The Power of Good-Bye

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"The Power of Good-Bye"
Single by Madonna
from the album Ray of Light
A-side "Little Star"
B-side "Mer Girl"
Released September 22, 1998
Genre Electronic
Length 4:10
Madonna singles chronology
"Drowned World/Substitute for Love"
"The Power of Good-Bye"
"Nothing Really Matters"
Music video
"The Power of Good-Bye" on YouTube

"The Power of Good-Bye" is a song by American singer and songwriter Madonna, taken from her seventh studio album Ray of Light (1998). It was written by Madonna and Rick Nowels, and was additionally produced by Madonna, William Orbit and Patrick Leonard. The song was released as the fourth single from the album on September 22, 1998. "The Power of Good-Bye" was additionally released as a double A-Side single in the United Kingdom with "Little Star". Lyrically, the song talks about how freeing and empowering saying good-bye or ending a relationship can feel. Musically, the melancholy ballad is an electronic inspired song, with its instrumentation consisting in shuffle beats, acoustic guitars and sweeping strings, arranged by Craig Armstrong.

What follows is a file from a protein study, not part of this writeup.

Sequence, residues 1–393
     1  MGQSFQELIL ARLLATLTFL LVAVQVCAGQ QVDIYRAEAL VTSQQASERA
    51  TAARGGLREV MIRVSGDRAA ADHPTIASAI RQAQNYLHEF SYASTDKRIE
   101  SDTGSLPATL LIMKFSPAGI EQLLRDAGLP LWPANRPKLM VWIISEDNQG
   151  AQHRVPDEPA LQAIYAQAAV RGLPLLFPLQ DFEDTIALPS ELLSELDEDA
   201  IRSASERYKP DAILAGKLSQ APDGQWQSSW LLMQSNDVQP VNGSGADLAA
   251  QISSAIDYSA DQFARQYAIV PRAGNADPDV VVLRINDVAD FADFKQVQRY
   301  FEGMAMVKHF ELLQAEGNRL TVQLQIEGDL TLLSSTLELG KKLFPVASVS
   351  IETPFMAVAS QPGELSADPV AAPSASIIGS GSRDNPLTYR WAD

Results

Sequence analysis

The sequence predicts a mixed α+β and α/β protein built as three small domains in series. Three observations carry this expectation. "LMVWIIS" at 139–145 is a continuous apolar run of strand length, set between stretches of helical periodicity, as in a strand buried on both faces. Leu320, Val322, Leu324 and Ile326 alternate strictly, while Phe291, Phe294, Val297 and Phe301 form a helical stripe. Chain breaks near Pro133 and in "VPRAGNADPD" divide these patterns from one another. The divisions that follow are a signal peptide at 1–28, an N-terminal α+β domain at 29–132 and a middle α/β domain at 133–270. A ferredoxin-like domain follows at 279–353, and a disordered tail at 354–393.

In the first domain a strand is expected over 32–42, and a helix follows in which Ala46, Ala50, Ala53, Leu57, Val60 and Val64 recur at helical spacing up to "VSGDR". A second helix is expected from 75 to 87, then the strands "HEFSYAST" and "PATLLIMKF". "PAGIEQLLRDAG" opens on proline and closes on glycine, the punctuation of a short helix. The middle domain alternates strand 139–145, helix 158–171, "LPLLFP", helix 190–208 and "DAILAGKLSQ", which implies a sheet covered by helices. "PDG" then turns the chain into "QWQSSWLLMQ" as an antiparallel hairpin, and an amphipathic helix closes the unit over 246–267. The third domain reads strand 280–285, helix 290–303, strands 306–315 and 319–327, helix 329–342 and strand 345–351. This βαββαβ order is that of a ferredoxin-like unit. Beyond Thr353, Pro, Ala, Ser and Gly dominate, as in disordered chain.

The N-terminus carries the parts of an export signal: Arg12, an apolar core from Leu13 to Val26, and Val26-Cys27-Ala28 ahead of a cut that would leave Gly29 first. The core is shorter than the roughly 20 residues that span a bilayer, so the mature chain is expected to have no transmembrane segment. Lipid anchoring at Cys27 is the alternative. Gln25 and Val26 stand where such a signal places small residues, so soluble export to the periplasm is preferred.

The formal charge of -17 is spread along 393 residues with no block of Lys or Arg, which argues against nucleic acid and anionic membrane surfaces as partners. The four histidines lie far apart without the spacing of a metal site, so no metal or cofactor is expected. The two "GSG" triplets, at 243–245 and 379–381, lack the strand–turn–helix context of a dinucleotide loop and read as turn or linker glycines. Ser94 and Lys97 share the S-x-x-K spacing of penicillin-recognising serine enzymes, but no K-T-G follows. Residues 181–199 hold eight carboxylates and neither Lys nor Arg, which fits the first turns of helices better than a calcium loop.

"The Power of Good-Bye" received acclaim from music critics, who went on to recognize the song as one of the best on Ray of Light, with praising going to its instrumentation and electronic vibe, while also praising Madonna's vocals and comparing to "Frozen" for its thematic. The song attained commercial success across Europe, reaching the top-ten in over nine countries, including Austria, Germany, Italy, Spain and United Kingdom, while in the United States it reached number 11, becoming her 37th top-twenty hit and her seventh highest debut at the time. Its blue-green music video was directed by Matthew Rolston in Malibu, California and features actor Goran Višnjić as her love interest.

Background and release[edit]